Saturday, May 6, 2017

TrueSync and Rollback Netcode Prototype

Ever since the release of the first iteration of Battle High I worked on was release, I wish I was able to get the game working with online multiplayer capabilities.
At the time and until recently, doing so seemed very difficult for someone without a vast knowledge of network experience.  Even some of the biggest companies still have problems when it comes to fighting game netcode.
Regardless, I know, if I ever wanted to add it to Battle High 2 or to make it for a future title, that I would want a rollback netcode solution.  I know GGPO exists, but it's C++ library (making it very difficult to integrate into Unity3D), expensive to get a license, and last time I checked, not even openly available, especially to Unity devs, anymore.
I had experimented with doing it myself using uNet, Unity's built-in networking library, but the results were far from perfect and rather buggy.

Anyway, a few months ago, I was browsing the Unity Asset Store and came across TrueSync by Exit Games.  The first thing I read, which appealed to me was that it used a Rollback Engine and since I had some experience using Photon, the networking library TrueSync is based on, I decided to give it a whirl.
Though the library is not finished, I'm still impressed and have been able to get a pretty decent prototype -- at least to me.
Here's a video showing off the tool to record information I'll be discussing shortly as well as an example fighter:

TrueSync has a few aspects which were interesting to work with in Unity3D.

Fixed Points

The goal of TrueSync is to keep players in-sync.  There are two aspects of base Unity3D development that make this difficult:  floating point precision and determinism.  Because different computers interpret floating points differently, there can be problems with syncing.  To fix this, TrueSync provides its own structs such as FP (Fixed Point) and TSVector.  They work similarly to floats and Vector3's, but with the goal to be consistent between machines.
Overall, a lot of Unity3D components have TrueSync versions such as TSTransforms used to replace Transforms and track their position, rotation, and scale; however, some aspects of Unity are still nondeterministic such as the Animator and can make certain types of game, such as a 3D fighter, rather difficult to make.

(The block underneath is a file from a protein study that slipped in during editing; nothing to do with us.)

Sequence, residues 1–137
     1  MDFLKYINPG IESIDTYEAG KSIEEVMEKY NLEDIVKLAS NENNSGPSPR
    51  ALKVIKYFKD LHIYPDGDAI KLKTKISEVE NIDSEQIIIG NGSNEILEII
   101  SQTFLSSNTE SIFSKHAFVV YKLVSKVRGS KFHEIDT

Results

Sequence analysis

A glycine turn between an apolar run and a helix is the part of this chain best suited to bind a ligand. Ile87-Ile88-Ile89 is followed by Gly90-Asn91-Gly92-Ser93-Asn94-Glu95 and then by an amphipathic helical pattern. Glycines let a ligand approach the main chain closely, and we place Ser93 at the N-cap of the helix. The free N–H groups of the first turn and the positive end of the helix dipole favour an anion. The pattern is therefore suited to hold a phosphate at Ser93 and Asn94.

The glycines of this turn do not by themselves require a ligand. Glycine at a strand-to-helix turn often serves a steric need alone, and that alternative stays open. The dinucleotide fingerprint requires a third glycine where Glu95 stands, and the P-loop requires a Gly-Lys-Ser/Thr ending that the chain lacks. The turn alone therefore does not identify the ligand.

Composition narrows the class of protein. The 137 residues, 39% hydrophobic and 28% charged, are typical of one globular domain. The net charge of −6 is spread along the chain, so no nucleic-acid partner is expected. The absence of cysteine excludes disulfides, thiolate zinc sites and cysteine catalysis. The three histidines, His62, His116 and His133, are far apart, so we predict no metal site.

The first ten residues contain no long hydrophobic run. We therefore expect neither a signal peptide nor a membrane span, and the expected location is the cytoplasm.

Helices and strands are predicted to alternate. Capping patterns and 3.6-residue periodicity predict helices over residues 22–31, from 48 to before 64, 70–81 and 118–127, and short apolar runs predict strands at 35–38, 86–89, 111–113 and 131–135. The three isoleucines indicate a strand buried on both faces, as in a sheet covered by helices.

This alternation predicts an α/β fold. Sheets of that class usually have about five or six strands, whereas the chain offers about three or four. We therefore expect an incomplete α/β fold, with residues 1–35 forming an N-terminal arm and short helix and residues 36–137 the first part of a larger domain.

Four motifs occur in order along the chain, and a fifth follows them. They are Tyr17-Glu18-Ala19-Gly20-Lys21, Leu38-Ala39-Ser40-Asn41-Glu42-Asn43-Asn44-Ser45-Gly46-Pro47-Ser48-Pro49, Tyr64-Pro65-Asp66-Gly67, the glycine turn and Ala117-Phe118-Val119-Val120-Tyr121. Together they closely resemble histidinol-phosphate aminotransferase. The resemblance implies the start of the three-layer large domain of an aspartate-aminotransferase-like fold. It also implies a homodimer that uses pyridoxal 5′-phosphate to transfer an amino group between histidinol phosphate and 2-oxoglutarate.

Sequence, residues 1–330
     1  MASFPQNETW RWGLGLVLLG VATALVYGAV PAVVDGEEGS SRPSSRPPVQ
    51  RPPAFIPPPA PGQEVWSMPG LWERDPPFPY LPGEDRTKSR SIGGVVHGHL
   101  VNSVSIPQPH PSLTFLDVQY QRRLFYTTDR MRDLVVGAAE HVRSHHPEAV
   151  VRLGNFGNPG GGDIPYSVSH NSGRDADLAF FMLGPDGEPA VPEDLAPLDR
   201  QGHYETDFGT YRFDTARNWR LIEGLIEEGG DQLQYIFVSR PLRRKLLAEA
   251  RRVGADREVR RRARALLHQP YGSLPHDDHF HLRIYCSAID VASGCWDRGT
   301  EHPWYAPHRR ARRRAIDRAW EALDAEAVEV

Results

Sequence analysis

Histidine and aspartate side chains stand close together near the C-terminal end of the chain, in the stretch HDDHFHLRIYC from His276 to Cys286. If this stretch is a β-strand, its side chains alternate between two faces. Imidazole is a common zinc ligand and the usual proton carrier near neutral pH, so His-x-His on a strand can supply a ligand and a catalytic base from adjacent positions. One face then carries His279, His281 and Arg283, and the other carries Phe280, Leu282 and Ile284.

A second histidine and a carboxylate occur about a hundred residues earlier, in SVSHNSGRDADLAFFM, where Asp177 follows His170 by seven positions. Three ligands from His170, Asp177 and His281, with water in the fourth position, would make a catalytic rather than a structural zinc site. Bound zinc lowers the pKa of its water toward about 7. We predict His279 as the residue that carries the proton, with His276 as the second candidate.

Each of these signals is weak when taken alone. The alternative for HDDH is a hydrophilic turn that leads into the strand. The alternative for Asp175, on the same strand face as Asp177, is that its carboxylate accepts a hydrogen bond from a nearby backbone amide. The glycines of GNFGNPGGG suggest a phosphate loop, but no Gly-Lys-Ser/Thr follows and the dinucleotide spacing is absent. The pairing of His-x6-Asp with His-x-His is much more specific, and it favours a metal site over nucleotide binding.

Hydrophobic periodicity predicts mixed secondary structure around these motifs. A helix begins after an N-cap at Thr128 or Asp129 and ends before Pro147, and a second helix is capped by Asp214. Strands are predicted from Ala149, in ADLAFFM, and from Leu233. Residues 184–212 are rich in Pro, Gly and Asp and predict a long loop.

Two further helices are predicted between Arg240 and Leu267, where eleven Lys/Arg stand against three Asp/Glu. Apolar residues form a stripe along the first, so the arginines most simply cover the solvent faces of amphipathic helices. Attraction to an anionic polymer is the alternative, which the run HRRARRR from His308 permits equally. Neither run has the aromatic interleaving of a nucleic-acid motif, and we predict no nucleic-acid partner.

Anyway, this blog goes over some aspects of TrueSync and workarounds I used to get the game working and still synced (at least to my knowledge as I haven't tested it a ton with other players.)


TrueSyncBehaviours created by the TrueSyncManager, the MonoBehaviors that manages the TrueSync scene use a method called OnSyncInput.  This method is used to take player input, send it to the opponent and then perform a rollback if it has changed.
I feel sending the less values over for this, the better, so I just send a single integer and then use a bitmask to see how it has changed.

AddTracking Attribute

Another important aspects of TrueSync is the AddTracking attribute.  TSTransform positions and rotations are tracked; this attribute is important because when the game rolls back, these parameters will be taken into account.  Overall, anything that changes on the player and is important for both players to know needs this attribute; however, I wish I knew if there was a limit or warning if you try to track too many variables.

Animation & Playables

Anyway, since I was doing a 3D fighting game prototype, I had to figure out a way to make TrueSync do the following:
  • Translate and rotate the character using animations' root motion
  • Figure out where certain limbs were on certain frames for hitbox detection
The normal animator system was causing issues with this.  Limb positions were different between users as were root positions.  The solution came in the form of Playables, Unity's newer alternative to the Animator (though recently I learned as of 5.6 and onward, this system is changing, once again.)
In 5.5, the advantage is that it allows me to set a time directly instead of letting the animator playout, which can cause problems with floating points precision errors.
To get my game working, I had to do the following:
  • Store an array of TSVectors based on frame for translation and rotation
    • I did this with a tool that plays out each playable, recording the changes in root position and rotation to TSVectors and TSQuaternions respectively.
  • Store a similar array of TSVectors for the position of different limbs.
One thing to note is that TSTransform does not have all the same functions as Unity3D's transform, so functions like InverseTransformPoint don't exist, so to get these TSVectors, I had to do a little work.  In my tool, I use the following between frames:

Vector3 prePos;
Vector3 diff = transform.position - prePos;
prePos = transform.position;
diff = transform.InverseTransformVector(diff) * 60f;
fighterInfo[currentInfo].velocityByFrame.Add(new TSVector(diff.x, diff.y, diff.z));

I record the velocity change each frame by using transform.InvertseTransformVector and store it in an array.